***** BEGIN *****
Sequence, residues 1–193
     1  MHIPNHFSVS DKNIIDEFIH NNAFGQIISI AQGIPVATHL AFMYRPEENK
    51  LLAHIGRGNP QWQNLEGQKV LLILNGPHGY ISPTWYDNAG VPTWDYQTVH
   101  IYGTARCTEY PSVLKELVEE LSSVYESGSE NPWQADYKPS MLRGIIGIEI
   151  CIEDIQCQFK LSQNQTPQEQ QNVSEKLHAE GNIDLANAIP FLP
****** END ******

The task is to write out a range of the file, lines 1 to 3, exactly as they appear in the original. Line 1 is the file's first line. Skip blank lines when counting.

Sequence, residues 1–193
     1  MHIPNHFSVS DKNIIDEFIH NNAFGQIISI AQGIPVATHL AFMYRPEENK
    51  LLAHIGRGNP QWQNLEGQKV LLILNGPHGY ISPTWYDNAG VPTWDYQTVH